I recommend a luminance setting of 120 for LCD monitors and 100 for CRT monitors. This setting is especially important if you wish to set multiple monitors to match each other as closely as possible.

GretagMacbeth Eye-One Match 2 Settings window

If you're using an Apple Cinema Display and the luminance value is too high, use the Apple Cinema Display control panel to reduce the brightness slider, allowing you to get closer to the large luminance value. Don't worry if the numbers are slightly different.

CRT monitors usually need to be recalibrated twice a month because they tend to change over time. LCD monitors are much more stable and need to be recalibrated only about once a month.

There are a number of monitor-profiling software packages and measuring instruments available. The Eye-One Display 2 from GretagMacbeth and the Monaco Optix XR from X-Rite come as a bundle. Others, such as basICCcolor Display, include only software and require you to purchase your own instrument. Calibrating printers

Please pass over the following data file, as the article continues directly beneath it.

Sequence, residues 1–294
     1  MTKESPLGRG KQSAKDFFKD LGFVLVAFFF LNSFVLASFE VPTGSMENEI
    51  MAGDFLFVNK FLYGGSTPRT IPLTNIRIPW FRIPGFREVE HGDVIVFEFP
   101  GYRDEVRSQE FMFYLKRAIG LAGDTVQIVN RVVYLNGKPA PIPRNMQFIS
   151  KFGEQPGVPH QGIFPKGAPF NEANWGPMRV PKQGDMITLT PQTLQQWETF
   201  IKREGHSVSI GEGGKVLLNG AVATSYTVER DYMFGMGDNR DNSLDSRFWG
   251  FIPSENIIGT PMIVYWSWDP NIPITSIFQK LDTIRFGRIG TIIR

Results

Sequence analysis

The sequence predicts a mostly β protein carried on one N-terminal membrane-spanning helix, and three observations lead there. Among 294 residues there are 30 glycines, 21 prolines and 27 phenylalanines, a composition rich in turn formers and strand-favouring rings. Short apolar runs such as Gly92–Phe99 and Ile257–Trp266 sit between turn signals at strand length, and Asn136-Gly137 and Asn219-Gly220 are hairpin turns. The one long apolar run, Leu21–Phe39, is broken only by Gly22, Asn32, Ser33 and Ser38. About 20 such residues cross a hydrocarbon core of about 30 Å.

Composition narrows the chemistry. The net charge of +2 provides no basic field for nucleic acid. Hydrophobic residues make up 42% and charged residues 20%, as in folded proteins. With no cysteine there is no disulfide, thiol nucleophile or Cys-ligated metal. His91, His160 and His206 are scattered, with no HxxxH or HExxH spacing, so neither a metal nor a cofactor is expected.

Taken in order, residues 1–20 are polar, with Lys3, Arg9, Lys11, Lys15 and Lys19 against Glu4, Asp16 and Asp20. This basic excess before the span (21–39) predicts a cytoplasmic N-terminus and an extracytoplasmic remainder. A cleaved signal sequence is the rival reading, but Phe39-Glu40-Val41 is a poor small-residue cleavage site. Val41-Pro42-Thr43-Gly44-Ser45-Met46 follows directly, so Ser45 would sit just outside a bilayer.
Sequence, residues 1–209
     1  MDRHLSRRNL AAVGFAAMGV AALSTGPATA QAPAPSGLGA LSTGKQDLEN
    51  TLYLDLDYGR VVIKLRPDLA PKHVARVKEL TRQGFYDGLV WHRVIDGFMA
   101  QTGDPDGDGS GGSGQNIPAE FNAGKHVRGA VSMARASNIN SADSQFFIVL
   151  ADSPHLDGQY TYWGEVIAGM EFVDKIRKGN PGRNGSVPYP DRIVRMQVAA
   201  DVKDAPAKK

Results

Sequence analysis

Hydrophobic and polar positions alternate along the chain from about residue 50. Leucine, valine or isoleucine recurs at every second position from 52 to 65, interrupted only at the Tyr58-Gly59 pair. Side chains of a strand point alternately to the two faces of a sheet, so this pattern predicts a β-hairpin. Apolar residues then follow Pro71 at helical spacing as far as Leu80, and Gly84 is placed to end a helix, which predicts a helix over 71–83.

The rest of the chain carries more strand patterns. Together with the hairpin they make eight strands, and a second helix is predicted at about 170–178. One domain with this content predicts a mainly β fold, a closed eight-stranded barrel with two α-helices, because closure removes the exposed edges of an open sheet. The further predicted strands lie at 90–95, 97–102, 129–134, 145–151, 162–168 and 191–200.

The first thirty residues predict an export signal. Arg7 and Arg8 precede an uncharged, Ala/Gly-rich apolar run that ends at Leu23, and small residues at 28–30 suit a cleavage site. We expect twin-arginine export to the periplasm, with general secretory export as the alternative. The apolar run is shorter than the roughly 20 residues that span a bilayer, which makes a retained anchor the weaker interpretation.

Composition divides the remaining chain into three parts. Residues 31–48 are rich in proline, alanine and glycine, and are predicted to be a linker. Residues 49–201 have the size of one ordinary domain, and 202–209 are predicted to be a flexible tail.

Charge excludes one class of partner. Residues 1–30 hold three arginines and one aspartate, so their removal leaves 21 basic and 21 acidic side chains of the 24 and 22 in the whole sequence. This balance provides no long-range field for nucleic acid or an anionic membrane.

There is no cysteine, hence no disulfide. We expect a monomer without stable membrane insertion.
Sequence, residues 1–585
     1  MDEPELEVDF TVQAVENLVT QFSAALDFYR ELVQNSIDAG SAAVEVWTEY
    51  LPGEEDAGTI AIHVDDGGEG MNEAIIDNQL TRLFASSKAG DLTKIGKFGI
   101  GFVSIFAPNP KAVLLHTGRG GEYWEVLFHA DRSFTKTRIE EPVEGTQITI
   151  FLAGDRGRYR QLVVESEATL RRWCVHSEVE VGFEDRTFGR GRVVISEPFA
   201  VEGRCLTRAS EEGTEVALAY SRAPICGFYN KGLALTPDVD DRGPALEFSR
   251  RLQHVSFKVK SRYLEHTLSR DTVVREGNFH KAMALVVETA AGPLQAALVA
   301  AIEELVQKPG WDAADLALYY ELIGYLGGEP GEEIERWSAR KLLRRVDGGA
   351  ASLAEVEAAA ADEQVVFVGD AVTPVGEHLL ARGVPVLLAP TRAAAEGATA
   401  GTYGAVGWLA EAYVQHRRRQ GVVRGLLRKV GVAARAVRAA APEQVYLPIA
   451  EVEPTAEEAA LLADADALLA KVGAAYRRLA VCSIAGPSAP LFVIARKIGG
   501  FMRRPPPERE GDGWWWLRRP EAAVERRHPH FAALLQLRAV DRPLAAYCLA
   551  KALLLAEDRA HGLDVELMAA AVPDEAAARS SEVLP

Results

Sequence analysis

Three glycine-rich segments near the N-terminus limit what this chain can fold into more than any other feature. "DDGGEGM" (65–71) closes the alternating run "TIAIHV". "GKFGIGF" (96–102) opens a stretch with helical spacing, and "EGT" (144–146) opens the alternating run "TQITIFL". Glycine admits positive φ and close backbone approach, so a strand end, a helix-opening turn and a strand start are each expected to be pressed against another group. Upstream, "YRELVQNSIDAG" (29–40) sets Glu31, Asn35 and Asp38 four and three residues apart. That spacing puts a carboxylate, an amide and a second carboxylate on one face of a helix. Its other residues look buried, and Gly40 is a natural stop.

Some printers have a means of automatic calibration or self-calibration built into their systems. Most ink-jet printers have utilities for head cleaning and print head alignment, which is a basic form of calibration. Higher-end ink-jet printers such as the HP 5500 have a measuring device built into the head to perform calibration. Other ink-jet printers that are supported by third-party raster image processors (RIPs) often include tools to calibrate or recalibrate themselves. The majority of ink-jet printers are relatively stable.

To achieve optimum results with an ink-jet printer, use the printer's utility to check the nozzles and print head alignment. This can usually be done from either the printer menu itself or a utility located in the driver. If the nozzles are not firing properly, you will see broken lines in the pattern created during the test. Select Head Cleaning to clear the nozzles. It may take several cleaning cycles in a row to fix the problem. If the heads are firing correctly and you see small horizontal lines on your prints, you could have a problem with head alignment. You can print out a different target pattern and see if the alignment is off. If it is, then it can be adjusted from either the printer menus or the print driver utility. Check the alignment whenever you install a new printer or move the printer to a new location.

Some ink-jet printers on the market today give you the option to perform both print head alignment and nozzle cleaning automatically.